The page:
What Happened Last Week?
Quiet Bond Market Leaves Focus on Demise of Adverse Market Fee
Seemingly out of the blue, the much-maligned adverse market fee for conventional refis was removed Friday. Lenders acted quickly to adjust pricing for new locks with most going so far as to adjust existing locks depending on their nearness to the closing table. It was an ideal day for such things considering a complete absence of volume and volatility in the bond market. 10-year yields ended with 1bp of unchanged and MBS underperformed slightly to end 2-3 ticks weaker (-0.06-0.09). The underperformance could be as simple as investors making token adjustments for the impact on prepayment speeds from the removal of the adverse market fee (it’s not a huge consideration, but it could bring more loans from this spring into the money for a refi).
What’s on the Agenda for this Week?
This week starts with traders weary of taking any risk which is helping mortgage backed securities (MBS) pricing. This is a “lame duck” week ahead of next week’s FOMC meeting.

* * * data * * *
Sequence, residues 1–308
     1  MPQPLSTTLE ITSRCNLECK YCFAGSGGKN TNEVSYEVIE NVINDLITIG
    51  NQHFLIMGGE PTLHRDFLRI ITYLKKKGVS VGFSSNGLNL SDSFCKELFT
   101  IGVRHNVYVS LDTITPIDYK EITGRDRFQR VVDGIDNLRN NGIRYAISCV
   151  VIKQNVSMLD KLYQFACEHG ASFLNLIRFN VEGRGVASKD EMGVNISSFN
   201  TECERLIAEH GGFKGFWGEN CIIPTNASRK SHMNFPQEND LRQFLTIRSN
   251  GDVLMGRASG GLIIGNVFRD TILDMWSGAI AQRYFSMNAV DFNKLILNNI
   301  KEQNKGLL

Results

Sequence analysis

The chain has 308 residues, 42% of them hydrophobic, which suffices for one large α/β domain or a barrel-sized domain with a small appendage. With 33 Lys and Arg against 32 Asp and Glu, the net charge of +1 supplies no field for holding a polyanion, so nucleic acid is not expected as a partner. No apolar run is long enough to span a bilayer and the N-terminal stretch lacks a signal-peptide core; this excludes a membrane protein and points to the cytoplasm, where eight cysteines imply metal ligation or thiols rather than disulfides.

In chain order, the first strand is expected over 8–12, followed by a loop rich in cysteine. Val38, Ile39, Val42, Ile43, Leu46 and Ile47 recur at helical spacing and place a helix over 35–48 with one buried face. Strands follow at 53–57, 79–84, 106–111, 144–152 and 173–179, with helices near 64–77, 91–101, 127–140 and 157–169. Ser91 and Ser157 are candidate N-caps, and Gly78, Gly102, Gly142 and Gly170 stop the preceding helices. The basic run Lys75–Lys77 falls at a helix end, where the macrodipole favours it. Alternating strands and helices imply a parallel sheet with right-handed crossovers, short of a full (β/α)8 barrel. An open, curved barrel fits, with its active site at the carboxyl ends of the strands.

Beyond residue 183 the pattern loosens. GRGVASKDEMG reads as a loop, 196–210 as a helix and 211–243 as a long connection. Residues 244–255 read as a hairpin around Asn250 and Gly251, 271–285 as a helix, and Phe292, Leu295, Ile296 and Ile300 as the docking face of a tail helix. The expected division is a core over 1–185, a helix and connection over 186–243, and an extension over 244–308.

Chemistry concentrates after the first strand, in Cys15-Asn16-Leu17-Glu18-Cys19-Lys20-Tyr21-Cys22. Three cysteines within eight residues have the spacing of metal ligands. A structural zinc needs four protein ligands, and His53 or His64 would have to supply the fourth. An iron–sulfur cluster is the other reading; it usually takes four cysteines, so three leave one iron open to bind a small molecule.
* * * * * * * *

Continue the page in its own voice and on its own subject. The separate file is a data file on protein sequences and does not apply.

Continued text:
The three areas that have the greatest ability to impact MBS pricing this week are: (1) Central Bank Palooza, (2) Covid, and (3) Global Flash PMIs.
(1) Central Bank Palooza: The focus this week will be on the European Central Bank’s Interest Rate Decision and Policy Statement on Thursday. There will also be an Interest Rate Decision from the People’s Bank of China. Our own Federal Reserve is in its “blackout” period ahead of next week’s FOMC Interest Rate and Policy meeting.
(2) Covid: Traders are once again freaking out about Covid as new cases surged 70% last week compared with the prior seven days to an average of 30,000 new infections a day, fueled by the Delta variant. Deaths rose 26% week-over-week to an average of 250 lives lost a day, mostly in unvaccinated patients. The resurgence of Covid is stoking a risk-off mood as investors consider whether new lockdown restrictions will sap the economic rebound.
(3) Global Flash PMIs. There will be key Markit PMI readings from Germany, UK, USA, Eurozone and more this week.
Taking it to the House: The July NAHB Housing Market Index came in at a very high level of 80 (anything above 50 is considered good). However, that was lighter than market expectations of 82 but just off of June’s pace of 81. Home builders continue to cite rising construction material prices and labor shortages.
On Deck for Tomorrow
People’s Bank of China Rate Decision, Housing Starts and Building Permits.